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Re: TYPOLOGY: (conlangs and natlangs): "Tense-Prominent" vs "Aspect-Prominent"

From:Jonathan Knibb <j_knibb@...>
Date:Thursday, August 17, 2006, 12:06
>2. Very Aspect-Prominent but not very Tense-Prominent?
That's my T4. Aspect marking is grammaticalised and obligatory on each new referent; tense marking is lexical and usually omitted ... except that the time at which an event happened is specified by a definiteness marker, alongside the definiteness of the referent itself, and this can have tense implications.
>Languages with evidentials may be "Mood-Prominent", or at least >"Evidential-Prominent"...
Well, T4 has two two-way mood/evidential distinctions: +/- hearsay (speaker can't vouch for truth of statement from own experience), and +/- narrative (referent is not directly relevant to (sentence or discourse) context). Each of these has one marked and one unmarked value, though, so neither is literally 'prominent' if absent.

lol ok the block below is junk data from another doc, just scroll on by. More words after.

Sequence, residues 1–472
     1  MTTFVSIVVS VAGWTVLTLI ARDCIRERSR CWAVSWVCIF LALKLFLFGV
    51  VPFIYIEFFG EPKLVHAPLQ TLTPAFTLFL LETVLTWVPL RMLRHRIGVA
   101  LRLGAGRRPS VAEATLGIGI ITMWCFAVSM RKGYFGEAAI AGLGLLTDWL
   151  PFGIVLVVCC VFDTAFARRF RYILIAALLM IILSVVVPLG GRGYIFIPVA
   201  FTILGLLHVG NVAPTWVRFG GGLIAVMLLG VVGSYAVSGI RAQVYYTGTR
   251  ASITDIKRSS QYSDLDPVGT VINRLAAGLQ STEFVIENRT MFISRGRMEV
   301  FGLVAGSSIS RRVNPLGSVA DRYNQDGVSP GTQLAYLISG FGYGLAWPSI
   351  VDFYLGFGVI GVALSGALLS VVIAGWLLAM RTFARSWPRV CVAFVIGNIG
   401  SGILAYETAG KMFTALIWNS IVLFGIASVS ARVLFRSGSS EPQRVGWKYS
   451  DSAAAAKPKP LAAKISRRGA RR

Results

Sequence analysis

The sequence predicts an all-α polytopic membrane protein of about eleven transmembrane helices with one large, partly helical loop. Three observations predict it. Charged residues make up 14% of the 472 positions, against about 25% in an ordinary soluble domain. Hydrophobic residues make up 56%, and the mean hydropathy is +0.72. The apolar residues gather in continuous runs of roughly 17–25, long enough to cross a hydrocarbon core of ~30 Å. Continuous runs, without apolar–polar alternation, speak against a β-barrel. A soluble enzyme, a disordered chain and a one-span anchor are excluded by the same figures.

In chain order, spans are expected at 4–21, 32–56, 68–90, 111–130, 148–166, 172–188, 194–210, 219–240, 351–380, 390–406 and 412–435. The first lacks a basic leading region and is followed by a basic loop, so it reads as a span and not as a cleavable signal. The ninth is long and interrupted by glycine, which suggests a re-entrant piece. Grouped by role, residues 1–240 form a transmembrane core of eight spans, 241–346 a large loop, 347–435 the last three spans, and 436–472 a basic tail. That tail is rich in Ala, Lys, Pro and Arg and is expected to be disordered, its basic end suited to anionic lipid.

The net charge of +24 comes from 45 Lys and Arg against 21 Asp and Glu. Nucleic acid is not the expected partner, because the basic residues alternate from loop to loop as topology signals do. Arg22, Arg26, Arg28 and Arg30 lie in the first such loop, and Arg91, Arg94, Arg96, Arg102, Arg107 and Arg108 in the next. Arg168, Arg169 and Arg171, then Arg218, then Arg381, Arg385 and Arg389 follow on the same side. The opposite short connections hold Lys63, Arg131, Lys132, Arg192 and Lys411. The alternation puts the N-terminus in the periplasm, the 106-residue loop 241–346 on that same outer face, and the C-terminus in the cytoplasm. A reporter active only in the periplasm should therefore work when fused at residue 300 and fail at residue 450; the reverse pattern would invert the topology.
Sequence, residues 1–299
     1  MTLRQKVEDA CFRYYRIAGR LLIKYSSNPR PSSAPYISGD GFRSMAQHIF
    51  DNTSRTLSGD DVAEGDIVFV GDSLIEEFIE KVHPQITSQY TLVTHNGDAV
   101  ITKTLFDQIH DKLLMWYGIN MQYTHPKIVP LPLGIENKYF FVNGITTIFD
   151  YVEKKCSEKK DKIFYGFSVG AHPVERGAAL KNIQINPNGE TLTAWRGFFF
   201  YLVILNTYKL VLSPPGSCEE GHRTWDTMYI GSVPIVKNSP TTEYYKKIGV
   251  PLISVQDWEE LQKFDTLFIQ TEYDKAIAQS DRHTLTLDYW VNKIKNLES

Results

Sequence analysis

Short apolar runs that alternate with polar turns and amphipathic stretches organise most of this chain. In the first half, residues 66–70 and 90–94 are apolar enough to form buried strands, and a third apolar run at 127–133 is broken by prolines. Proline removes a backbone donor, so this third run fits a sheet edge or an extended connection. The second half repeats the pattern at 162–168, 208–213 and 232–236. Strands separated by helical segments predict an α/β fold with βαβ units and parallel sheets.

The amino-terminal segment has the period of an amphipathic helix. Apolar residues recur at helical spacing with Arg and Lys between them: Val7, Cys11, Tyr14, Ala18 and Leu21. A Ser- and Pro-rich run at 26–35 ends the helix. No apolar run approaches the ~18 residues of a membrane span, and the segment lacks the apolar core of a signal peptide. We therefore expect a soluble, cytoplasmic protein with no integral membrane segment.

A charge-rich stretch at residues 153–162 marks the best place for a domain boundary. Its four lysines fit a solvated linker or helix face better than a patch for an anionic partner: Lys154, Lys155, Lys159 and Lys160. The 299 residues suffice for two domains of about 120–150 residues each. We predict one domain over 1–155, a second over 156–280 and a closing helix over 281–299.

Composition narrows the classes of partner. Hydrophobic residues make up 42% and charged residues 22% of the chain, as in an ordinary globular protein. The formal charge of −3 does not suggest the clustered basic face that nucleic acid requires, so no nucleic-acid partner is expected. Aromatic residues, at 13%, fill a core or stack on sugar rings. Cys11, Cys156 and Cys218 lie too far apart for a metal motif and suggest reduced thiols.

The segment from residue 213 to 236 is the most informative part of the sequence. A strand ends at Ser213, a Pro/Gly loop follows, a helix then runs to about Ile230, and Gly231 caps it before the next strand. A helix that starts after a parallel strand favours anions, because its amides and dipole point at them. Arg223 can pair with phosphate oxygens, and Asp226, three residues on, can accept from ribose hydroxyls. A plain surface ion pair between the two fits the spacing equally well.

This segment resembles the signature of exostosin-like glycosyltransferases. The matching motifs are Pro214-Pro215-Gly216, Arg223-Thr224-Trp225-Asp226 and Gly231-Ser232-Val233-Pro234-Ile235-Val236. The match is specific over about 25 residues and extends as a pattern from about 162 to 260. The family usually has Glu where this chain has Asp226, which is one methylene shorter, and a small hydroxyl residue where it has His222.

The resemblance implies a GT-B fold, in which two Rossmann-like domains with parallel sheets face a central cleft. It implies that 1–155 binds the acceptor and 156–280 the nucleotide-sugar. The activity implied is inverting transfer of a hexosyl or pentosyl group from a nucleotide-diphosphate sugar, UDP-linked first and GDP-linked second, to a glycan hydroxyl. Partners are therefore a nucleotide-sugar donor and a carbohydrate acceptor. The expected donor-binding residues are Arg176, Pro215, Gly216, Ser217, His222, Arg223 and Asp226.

>Does your conlang require that any speaker mention how he/she knows what >he/she is saying happened, but hardly ever require at that they mention >when it happened...?
If the hearsay marker fulfils the first criterion and the lack of tense marking the second, then yes!
>Where did you get that idea to put it in your conlang?
I think I must have known about aspect when I first started creating T4, though goodness knows where from. Certainly one of my major motivations at the beginning was that tense should *not* be obligatorily marked - I've often felt irritated at the extent of obligatory tense marking in English (my L1). I've let my minimal redundancy criterion slip over the years, so now I have obligatory aspect but not tense! The narrative marker came early, but the hearsay thing derives from much more recent reading of Mithun's book on the native American languages. Jonathan. _________________________________________________________________ Be the first to hear what's new at MSN - sign up to our free newsletters!